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A.M. Castle sheds inventory, trims work force

Keywords: Tags  A.M. Castle, Scott Dolan, Scott Stephens, job cuts, inventory reduction, plant closures

CHICAGO — A.M. Castle & Co. has been trimming inventory, closing branches and implementing layoffs as part of a widespread cost-cutting effort that executives first outlined in January (, Jan. 17).

"(We have) made significant progress toward our goals to improve our operating efficiency ... and reduce our costs," president and chief executive officer Scott J. Dolan said during an earnings conference call.

"We continued to focus on inventory-reduction efforts during the first quarter of 2013," Dolan said. The company’s inventory declined by more than $33 million on a replacement-cost basis in the first quarter.

"We are targeting an additional decline of $25 million during the second quarter," vice president and chief financial officer Scott F. Stephens said. In addition, the company could make $30 million to $40 million in inventory cuts in the second half. "Markets cycle up and down, but all things being equal, we think 120 days is the right level of inventory to run the business," he said.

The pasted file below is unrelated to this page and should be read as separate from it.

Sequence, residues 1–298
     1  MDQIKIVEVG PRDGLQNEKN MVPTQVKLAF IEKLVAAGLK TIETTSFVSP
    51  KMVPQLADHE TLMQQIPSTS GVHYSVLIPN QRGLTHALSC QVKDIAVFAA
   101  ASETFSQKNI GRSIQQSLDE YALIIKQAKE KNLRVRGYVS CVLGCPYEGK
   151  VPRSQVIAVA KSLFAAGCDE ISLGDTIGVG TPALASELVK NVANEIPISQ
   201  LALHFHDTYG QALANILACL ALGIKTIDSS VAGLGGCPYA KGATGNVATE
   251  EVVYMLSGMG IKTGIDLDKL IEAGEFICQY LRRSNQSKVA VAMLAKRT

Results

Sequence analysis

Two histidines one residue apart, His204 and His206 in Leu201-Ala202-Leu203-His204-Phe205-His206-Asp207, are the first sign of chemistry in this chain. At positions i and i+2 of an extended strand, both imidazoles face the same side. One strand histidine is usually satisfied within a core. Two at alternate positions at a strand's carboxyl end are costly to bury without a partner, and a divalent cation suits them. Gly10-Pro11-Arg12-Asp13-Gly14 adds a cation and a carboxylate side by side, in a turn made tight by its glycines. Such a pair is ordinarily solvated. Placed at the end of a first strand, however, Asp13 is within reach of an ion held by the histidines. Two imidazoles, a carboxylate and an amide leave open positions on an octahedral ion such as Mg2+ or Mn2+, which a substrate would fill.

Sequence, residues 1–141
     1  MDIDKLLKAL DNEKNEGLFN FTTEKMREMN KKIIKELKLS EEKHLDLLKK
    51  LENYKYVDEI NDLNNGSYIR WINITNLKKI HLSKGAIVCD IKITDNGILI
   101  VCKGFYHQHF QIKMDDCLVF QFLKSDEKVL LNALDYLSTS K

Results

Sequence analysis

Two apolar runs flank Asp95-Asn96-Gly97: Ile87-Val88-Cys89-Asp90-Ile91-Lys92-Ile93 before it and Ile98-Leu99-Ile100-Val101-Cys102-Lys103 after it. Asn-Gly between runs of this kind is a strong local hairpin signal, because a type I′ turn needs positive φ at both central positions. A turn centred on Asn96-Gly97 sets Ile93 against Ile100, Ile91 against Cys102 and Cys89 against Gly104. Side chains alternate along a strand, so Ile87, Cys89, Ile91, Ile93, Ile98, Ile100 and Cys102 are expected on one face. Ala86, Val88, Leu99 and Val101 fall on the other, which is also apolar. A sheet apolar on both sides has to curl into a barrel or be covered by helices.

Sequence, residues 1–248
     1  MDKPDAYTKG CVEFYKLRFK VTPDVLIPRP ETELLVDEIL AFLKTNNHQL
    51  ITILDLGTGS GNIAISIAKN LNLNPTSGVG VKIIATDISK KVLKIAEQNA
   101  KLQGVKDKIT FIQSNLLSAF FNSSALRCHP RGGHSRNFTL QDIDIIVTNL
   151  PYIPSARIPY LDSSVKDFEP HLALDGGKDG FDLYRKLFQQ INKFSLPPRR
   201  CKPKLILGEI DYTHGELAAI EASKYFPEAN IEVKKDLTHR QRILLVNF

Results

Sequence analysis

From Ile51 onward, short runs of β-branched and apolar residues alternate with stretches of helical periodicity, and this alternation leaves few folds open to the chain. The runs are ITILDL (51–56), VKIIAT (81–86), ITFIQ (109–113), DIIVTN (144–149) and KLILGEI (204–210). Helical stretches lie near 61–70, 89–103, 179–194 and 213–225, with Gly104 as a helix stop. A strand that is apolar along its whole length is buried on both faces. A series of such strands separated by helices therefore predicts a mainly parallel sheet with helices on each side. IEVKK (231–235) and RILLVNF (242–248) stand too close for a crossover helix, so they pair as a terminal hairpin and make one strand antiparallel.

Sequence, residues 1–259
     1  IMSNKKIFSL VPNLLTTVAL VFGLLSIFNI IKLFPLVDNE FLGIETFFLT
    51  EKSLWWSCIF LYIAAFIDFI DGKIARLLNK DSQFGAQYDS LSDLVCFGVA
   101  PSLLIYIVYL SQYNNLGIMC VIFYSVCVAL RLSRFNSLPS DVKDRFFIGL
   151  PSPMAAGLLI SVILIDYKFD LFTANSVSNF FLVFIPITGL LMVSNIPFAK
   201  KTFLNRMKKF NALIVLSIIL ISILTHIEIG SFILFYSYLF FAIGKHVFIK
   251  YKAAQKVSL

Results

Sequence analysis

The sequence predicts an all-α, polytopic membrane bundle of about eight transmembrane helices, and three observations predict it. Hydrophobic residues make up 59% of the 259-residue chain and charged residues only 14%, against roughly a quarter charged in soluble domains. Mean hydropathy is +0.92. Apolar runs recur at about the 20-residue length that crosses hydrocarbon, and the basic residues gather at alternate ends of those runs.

Castle held 173 days of inventory in the first quarter of 2013, down 15.2 percent from 204 days at the end of 2012, and the company’s goal is to get to 150 days’ inventory by the end of the year.

In addition, the Oak Brook, Ill.-based company has consolidated facilities ahead of schedule, Dolan said. "During the first quarter, we began the transition of our distribution fulfillment realignment for all five of the branches that will be closed before the end of the second quarter."

Of the planned 10-percent work-force reductions announced in January, about 50 jobs were cut during first quarter, Stephens said, and the company expects to lay off an additional 100 to 150 people during the second quarter.

"The actions we’re taking to grow revenue, reduce costs and optimize inventory position the company well in a flat demand environment and very well in a recovering market," Dolan said, noting that the market is unlikely to improve until later in 2013 or 2014.

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